The other day I was talking about the dentist with a friend and my surprise that most people don’t like going there. Since I have always enjoyed, or at least not disliked, going to the dentist, I began to wonder why. Then I remembered the ever present admonishment in my home to “keep my teeth.” Apparently it had been a matter of pride that my grandparents and my parents had all managed to “keep their teeth.”
I suppose to a young person in the U.S. today the phrase would seem odd. Here there are fluoridated water, fluoridated toothpaste and countless reminders everywhere to brush your teeth. In fact the ads for denture paste seem to have been replaced by ads for whitening products. For older people today yellow teeth, while the natural result of using them for a life time, need bleaching. At least according to the teeth whitening industry.
But when I was a kid I knew many adults my parents’ age who had false teeth. We didn’t use the more polite term “dentures,” but called them false teeth. One of my favorite family friends could not only blow pipe smoke out his ears but could also wiggle his teeth in and out. We thought it was hilarious. Even my orthodontist had lost his teeth, though it was from the Bataan Death March and not from neglect.
But not our family. No way. We were a family who kept our teeth. In retrospect I think this may have had more to do with the rock solid hard water they grew up with. Portland, where I grew up, had water so soft anything could produce suds. Not so in the Minnesota of my forebears. So geography rather than personal habits shaped their teeth. I was going to have to work to “keep” mine.
Going to the dentist meant I was continuing in the family tradition. I still go. I still feel unnecessarily virtuous. And I still have my teeth.
When I am at the dentist a television hovers over the chair allowing me to distract myself from procedures. I almost always choose cooking shows. Lately instead of watching the news I have been viewing season after season of the “Great British Baking Show” with the original cast pictured above. Why on earth am I spending time looking at other people cook?
After thinking about this question for a while, I still have only a partial answer, but thought I would share what I know right now. Cooking shows are calming. Other people do the heavy lifting of grocery shopping, storage, cutting, dicing, measuring and mixing. I sit back and watch them. I imagine that I have an elf getting everything ready for me and I know I would be an outstanding cook in that situation!
Cooking shows promote a can-do attitude. Although they occasionally make mistakes or cut themselves, the cooks carry on. Curiously it doesn’t translate for me into an “I can cook this same dish.” Rather it seems to increase my general sense of optimism. I certainly need that both at the dentist and in the American political climate.
Cooking shows are utterly predictable. In the case of the “Great British Baking Show,” each week one baker will get the “star baker” award and one will leave the show. At the end of the season the three bakers left will compete for the prize. A grand picnic of family, friends and all the eliminated bakers celebrate as the winner is announced and handed a large bouquet and a glass plate. In other cooking shows each episode ends with a smiling cook and a tempting display of cooked food. I am calmed by this predictability in a country where I never know what will happen next with my “leaders.”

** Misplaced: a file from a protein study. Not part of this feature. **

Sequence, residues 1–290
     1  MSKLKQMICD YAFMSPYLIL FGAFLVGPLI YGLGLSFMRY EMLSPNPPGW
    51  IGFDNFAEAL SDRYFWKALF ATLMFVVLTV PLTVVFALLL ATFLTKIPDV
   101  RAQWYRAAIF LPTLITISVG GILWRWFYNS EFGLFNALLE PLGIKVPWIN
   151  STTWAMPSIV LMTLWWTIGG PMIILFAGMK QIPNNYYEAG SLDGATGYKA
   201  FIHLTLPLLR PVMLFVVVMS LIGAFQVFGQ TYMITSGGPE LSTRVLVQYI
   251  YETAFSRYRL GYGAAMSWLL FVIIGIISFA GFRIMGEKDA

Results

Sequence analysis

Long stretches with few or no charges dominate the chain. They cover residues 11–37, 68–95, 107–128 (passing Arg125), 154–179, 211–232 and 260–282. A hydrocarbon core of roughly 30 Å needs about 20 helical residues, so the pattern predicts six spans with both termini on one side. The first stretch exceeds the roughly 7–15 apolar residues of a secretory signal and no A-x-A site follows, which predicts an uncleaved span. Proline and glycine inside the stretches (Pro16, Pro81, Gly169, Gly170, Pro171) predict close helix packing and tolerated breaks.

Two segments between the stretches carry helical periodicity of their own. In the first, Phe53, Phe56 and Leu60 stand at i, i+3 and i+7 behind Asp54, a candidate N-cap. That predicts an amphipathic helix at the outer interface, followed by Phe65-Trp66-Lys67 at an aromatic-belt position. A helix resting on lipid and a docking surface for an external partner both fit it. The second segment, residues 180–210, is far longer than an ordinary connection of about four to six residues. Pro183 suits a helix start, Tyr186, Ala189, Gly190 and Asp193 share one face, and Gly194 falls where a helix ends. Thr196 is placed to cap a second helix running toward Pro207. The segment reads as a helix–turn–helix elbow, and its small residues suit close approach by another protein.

Having binged on cooking shows the only question left is “what’s for dinner?” Take-out maybe?
Although we live near the huge Barnes and Noble store, and have ready access to Amazon, I was delighted that an independent bookstore opened a few minutes away from our home. River Bend Bookshop, in Glastonbury(Connecticut, not England!) was opened by a woman who retired from the insurance industry to fulfill a life dream of owning a bookstore. Making a small business successful challenges the best entrepreneur, and selling books in the present climate presents an additional hurdle. Why, when I can get a book for a few dollars less from Amazon, should I frequent an independent shop? Why, when I can look at thousands of choices at Barnes and Noble should I go to River Bend instead?
Amazon presumes that my most important value is saving money. Barnes and Noble presumes that my most important value is choice. River Bend Books, on the other hand, presumes that my most important values are being around readers, getting personalized recommendations, meeting writers, and getting to know the booksellers. While I do value saving money and having vast choices, I value most highly personal interaction. Currently I find books I want from reading reviews or looking at Amazon. I then call River Bend and order the books. When I go to pick up the books, not only am I greeted by name, but I also have an opportunity to talk books. Reading is often a solitary pastime, and talking about books satisfies my intellectual side.
American society teems with lonely people, treated impersonally in shops, checking out their own purchases, ordering on-line without talking and seeing only the delivery van, rarely even the driver. We have collectively traded community for economy. We have lost much without really stopping to consider if it was a worthwhile exchange. Going to River Bend Books reminds me that many of us have made a bad bargain. Thankfully and surprisingly enough, independent bookstores are doing very well again. I must be part of a larger group of readers than I knew.
Driving home from the gym this morning I was startled by a line of four turkeys crossing the road in front of me. I stopped to see where they were going, and managed to get this shot of two of them foraging in the grass by a neighbor’s driveway. I had never seen a group this near our house, though I have spotted an occasional lone bird.